Since then, optical comb generators have become even more attractive for many applications, such as optical clocks, precision frequency metrology, high-speed communications systems and optical waveform synthesizers. One of the next frontiers is now moving deeply into the mid-infrared range, where the advent of optical comb generators is expected to bring new tools for advanced precision spectroscopy, molecular structure investigation and gas sensing.
Four years later, we are here to comment on another milestone in the optical comb generator route. The same material as before, namely silicon nitride (Si3N4). And the same research group, joining the teams of M. Lipson and A. Gaeta from Cornell University. Yet, much longer wavelengths now, well above 2 μm. And a completely new story begins.
Unfortunately for people working in integrated optics, moving from a wavelength range to another is not a copy-and-paste process, even when dealing with passive devices. Not only can material properties change dramatically, but the behaviour of materials commonly used at certain wavelengths can be almost unknown at others, because of the lack of characterization instruments or even light sources. And this is the case of Si3N4, whose optical properties have been thoroughly studied at telecom wavelengths and below, but not in the mid-infrared range.
For a reliable description of the optical properties of Si3N4 in the mid-infrared range, K. Luke and co-workers first derived a wavelength extended version of the Sellmeier equation. They achieved this by characterizing the refractive index and the absorption coefficient of the material over an ultra-broad wavelength range, spanning from the ultraviolet (193 nm) up to the far infrared (33 μm). Their results demonstrate that Si3N4 can provide strong enough anomalous dispersion to generate wide spectral combs in the near-infrared range, yet requiring an optical waveguide with a height (about 1 μm) well beyond the thicknesses typically limited by the intrinsic film stress. To overcome the mechanical stress limit, a technique previously developed by the same group was employed, which is based on crack isolation trenches realized before Si3N4 film deposition. Further, to prevent stress-induced wafer bowing, both sides of the wafers were processed.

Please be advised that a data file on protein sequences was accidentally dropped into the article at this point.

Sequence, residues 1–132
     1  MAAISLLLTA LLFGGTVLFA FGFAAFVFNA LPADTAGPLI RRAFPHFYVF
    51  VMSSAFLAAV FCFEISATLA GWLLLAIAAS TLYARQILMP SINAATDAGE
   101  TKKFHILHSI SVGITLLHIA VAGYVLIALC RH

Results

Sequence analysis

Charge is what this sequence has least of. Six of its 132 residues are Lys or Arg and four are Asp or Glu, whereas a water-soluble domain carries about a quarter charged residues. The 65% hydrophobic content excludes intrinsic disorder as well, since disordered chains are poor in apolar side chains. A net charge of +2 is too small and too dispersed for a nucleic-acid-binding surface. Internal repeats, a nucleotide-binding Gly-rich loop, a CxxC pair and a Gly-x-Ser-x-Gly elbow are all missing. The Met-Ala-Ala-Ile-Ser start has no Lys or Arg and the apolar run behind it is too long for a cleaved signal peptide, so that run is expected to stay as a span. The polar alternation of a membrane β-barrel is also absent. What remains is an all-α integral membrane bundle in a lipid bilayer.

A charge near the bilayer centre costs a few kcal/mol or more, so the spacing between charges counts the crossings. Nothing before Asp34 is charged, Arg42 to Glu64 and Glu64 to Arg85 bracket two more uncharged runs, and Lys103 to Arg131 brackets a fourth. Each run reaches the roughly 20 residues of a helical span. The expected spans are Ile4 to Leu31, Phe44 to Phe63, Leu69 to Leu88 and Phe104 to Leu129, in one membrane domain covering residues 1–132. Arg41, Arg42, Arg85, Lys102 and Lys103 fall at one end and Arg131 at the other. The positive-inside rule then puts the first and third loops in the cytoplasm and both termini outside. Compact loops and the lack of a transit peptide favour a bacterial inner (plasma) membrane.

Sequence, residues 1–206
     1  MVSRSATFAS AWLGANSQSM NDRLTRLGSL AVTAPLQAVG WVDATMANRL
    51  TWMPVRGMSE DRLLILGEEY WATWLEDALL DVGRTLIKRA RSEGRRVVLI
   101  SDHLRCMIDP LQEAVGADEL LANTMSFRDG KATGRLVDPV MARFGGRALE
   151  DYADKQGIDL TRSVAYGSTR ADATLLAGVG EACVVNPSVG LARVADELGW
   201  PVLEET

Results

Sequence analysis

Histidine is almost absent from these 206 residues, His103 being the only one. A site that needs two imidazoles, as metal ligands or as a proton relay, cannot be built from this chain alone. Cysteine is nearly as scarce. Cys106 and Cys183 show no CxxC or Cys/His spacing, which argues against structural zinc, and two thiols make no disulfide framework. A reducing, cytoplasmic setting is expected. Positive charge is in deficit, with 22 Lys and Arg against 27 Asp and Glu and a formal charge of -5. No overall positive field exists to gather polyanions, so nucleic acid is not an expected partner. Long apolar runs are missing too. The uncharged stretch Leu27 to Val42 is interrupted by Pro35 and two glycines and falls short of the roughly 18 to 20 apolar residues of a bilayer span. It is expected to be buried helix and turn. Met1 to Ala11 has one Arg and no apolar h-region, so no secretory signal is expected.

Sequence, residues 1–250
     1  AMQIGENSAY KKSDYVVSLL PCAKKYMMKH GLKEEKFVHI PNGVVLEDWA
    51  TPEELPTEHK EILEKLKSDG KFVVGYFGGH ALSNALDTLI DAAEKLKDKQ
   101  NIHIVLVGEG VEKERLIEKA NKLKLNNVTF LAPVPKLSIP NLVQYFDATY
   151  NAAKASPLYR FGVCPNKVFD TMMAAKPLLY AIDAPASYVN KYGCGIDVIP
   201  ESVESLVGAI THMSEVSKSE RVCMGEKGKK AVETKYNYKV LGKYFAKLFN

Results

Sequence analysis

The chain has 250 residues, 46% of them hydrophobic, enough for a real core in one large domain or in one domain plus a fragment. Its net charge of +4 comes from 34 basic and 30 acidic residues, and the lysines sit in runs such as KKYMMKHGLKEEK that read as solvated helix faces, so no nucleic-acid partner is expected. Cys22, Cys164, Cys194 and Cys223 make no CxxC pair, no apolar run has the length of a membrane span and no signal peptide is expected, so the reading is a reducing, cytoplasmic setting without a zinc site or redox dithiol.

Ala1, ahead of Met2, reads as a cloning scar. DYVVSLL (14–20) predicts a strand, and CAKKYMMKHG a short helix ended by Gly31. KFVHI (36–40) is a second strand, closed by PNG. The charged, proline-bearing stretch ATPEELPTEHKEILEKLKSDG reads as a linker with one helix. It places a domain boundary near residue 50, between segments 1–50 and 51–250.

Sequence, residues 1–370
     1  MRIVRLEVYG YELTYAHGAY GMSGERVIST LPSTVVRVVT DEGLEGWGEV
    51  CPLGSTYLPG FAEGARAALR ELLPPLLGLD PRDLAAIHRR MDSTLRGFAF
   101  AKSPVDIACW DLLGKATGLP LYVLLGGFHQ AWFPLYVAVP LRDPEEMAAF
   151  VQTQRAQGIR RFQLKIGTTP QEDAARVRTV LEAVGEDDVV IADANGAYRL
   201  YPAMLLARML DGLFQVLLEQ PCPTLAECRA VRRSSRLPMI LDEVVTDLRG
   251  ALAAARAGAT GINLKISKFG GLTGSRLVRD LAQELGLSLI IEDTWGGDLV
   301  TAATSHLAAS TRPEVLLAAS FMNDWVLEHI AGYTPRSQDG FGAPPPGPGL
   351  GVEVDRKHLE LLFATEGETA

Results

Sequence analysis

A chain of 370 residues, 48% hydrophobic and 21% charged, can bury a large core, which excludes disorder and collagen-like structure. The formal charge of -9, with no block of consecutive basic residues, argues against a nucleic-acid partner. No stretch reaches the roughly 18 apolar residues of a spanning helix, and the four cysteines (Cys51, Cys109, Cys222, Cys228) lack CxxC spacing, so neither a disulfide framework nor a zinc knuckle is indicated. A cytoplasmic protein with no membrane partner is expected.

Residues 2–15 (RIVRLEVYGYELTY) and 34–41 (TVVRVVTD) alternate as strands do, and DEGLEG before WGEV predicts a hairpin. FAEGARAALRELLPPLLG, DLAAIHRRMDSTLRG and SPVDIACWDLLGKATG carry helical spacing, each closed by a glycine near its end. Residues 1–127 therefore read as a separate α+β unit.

However, this was not enough. Loss was actually the key issue to address, because efficient resonator-based comb generators require very high Q-factors. In order to minimize absorption losses in the film, multiple annealing steps were performed during film deposition. These techniques allowed to increase the Q-factor of a microring resonator from a value of 55,000, that was measured on a reference single anneal device, to a record Q value of 1.0 × 106 at a wavelength of 2.6 μm, this being the highest Q ever achieved for on-chip resonators operating in this wavelength range. The authors claim also that the Q factor could be even improved with optimized etching process and improved anneal cycling during Si3N4 deposition.
After reading this paper, one can’t help but to think about the next episode of the integrated comb generator saga. It is difficult to predict how the story will evolve, if even longer wavelengths will be covered with Si3N4 comb sources, or other materials will come into play. Let’s hope to have news soon, hopefully before the next four years.
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